Former Mayor Patty Cohen, for example, ran the city with interim city administrators and an interim police chief several times during her tenure. Cathy Rosen, the public works director, doubled as the interim city administrator for 10 months during one stretch, saving the city tens of thousands of dollars.

Contracting to fill the city attorney’s position, however, has been expensive. Attorney Grant Weed, who specializes in municipal law, billed the city for $17,000 in June and $25,000 in July. Combined, that’s about twice what the city attorney would have earned. Yet Dudley pointed out that last year the city employed an assistant attorney as well as a city attorney, and spent about $97,000 on outside legal work.

Yet the council members insist that the positions be filled quickly. Councilwoman Tara Hizon admitted that “mathematically it does not make sense,” but she said it’s about having permanent leadership and “the intangibles.”

Several council members became upset when Lawler, the Human Resources director, admitted that the mayor had halted the process for hiring a new police chief; Lt. Tim Sterkel is currently filling the role on an interim basis. Dudley explained that he thought the council’s declaration of a fiscal emergency meant he shouldn’t be spending money on hiring a chief when the police department is doing fine under interim leadership.

The council members, however, had made it clear that they wanted permanent people in those positions as quickly as possible.

“There’s double talk going on. Or spin going on,” Almberg said.

“Councilwoman Munns begged for this position to be filled,” Councilman Joel Servatius said. Beth Munns was absent Wednesday, but she had been so concerned about filling the positions quickly that she asked for a regular updates on the progress and pleaded to be kept in the loop.

Hizon indicated she wasn’t happy that the attorney position hadn’t been advertised sooner.

Cort explained that the hiring process was still on track. Jessica Hoyson, former Human Resources director, had created a timeline for advertising and filling the administrative positions before she left. She made it clear that the department only has the capacity to go through the process of filling one administrative position at a time.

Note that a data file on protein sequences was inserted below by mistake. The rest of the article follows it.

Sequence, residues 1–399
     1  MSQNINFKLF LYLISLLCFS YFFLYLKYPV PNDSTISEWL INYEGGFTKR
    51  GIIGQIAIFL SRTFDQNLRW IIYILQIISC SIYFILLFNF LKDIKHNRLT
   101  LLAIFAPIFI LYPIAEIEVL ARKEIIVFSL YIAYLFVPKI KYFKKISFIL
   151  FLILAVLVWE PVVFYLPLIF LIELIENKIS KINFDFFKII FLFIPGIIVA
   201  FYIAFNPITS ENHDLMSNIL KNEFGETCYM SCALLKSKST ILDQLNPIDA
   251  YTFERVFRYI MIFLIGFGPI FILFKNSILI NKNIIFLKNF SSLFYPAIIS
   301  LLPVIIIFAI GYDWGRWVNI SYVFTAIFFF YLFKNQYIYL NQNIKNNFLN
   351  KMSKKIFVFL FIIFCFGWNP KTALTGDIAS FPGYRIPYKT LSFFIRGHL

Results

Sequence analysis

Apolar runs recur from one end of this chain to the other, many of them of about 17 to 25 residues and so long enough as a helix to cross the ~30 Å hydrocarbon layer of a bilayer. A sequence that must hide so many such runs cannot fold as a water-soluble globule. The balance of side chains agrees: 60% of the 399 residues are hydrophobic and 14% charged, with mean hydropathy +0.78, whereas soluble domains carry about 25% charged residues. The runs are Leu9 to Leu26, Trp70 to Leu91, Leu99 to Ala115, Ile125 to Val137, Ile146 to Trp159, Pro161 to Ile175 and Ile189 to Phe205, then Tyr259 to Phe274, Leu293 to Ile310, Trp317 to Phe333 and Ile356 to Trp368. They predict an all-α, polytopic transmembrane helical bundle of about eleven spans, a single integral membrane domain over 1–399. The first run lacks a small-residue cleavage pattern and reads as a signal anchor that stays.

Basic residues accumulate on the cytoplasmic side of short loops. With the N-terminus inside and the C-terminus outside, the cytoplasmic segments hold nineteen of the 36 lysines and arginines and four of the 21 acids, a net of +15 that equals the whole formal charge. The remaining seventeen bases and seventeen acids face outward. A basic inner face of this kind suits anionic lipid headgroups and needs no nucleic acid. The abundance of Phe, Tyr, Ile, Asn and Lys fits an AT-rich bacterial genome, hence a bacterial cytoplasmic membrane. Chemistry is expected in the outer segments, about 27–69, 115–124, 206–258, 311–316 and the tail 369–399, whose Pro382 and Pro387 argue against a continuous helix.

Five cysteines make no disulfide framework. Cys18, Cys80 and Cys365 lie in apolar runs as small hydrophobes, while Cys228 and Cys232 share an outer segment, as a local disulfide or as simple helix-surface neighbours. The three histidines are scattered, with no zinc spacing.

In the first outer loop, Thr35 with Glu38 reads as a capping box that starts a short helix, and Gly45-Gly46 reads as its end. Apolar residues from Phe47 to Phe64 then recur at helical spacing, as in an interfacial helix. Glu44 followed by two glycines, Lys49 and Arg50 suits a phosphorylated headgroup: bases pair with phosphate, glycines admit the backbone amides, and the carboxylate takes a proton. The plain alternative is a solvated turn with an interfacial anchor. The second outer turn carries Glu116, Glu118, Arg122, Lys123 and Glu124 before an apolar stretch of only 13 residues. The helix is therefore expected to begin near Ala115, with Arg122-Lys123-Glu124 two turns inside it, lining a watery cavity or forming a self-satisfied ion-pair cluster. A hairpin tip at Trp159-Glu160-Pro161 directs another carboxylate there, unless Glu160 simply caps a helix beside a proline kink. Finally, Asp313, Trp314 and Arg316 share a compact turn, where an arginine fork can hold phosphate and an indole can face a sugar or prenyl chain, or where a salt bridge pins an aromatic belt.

The council passed a motion to move ahead with the process of hiring department heads.

Councilman Jim Campbell joined Dudley and the HR director in arguing against Almberg’s proposal to freeze hiring on all the non-administrative positions without any investigation whatsoever. Campbell suggested a workshop with department heads to see which positions need to be filled right away and what can wait.

Lawler argued that a hiring freeze would not be in the best interest of the city and would affect the morale of employees.

“You may continue to see people leave and that will create a hardship for the city,” she warned.

But Almberg didn’t agree.

“That’s not why they are leaving. Let’s be clear about that,” he said.

Later, Almberg lamented the resignation of the City Engineer Eric Johnston, who he considered a very competent engineer with a lot of institutional knowledge. Johnston had been faulted by some — others would say scapegoated — for the trouble with the Pioneer Way project.

“Quite frankly,” Almberg said, “I think it’s a hostile environment that’s been imposed on that individual and probably others.”